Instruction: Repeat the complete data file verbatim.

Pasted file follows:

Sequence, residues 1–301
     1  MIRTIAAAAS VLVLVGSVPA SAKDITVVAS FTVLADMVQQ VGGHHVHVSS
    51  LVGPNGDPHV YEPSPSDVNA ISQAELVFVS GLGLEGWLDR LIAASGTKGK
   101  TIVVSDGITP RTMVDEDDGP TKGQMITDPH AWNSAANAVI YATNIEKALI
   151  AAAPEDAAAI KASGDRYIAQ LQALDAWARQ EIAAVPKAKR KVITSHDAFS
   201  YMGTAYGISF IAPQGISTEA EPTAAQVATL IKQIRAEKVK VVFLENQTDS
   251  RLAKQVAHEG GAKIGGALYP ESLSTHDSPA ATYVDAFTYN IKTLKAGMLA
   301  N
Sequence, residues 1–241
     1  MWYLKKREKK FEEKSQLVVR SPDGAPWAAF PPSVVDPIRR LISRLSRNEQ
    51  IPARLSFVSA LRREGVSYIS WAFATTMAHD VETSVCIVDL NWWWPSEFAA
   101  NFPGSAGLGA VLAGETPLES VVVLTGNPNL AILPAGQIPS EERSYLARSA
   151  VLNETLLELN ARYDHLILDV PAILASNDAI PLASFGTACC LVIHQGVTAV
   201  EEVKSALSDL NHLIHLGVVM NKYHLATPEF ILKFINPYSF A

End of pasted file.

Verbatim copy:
Sequence, residues 1–301
     1  MIRTIAAAAS VLVLVGSVPA SAKDITVVAS FTVLADMVQQ VGGHHVHVSS
    51  LVGPNGDPHV YEPSPSDVNA ISQAELVFVS GLGLEGWLDR LIAASGTKGK
   101  TIVVSDGITP RTMVDEDDGP TKGQMITDPH AWNSAANAVI YATNIEKALI
   151  AAAPEDAAAI KASGDRYIAQ LQALDAWARQ EIAAVPKAKR KVITSHDAFS
   201  YMGTAYGISF IAPQGISTEA EPTAAQVATL IKQIRAEKVK VVFLENQTDS
   251  RLAKQVAHEG GAKIGGALYP ESLSTHDSPA ATYVDAFTYN IKTLKAGMLA
   301  N
Sequence, residues 1–241
     1  MWYLKKREKK FEEKSQLVVR SPDGAPWAAF PPSVVDPIRR LISRLSRNEQ
    51  IPARLSFVSA LRREGVSYIS WAFATTMAHD VETSVCIVDL NWWWPSEFAA
   101  NFPGSAGLGA VLAGETPLES VVVLTGNPNL AILPAGQIPS EERSYLARSA
   151  VLNETLLELN ARYDHLILDV PAILASNDAI PLASFGTACC LVIHQGVTAV
   201  EEVKSALSDL NHLIHLGVVM NKYHLATPEF ILKFINPYSF A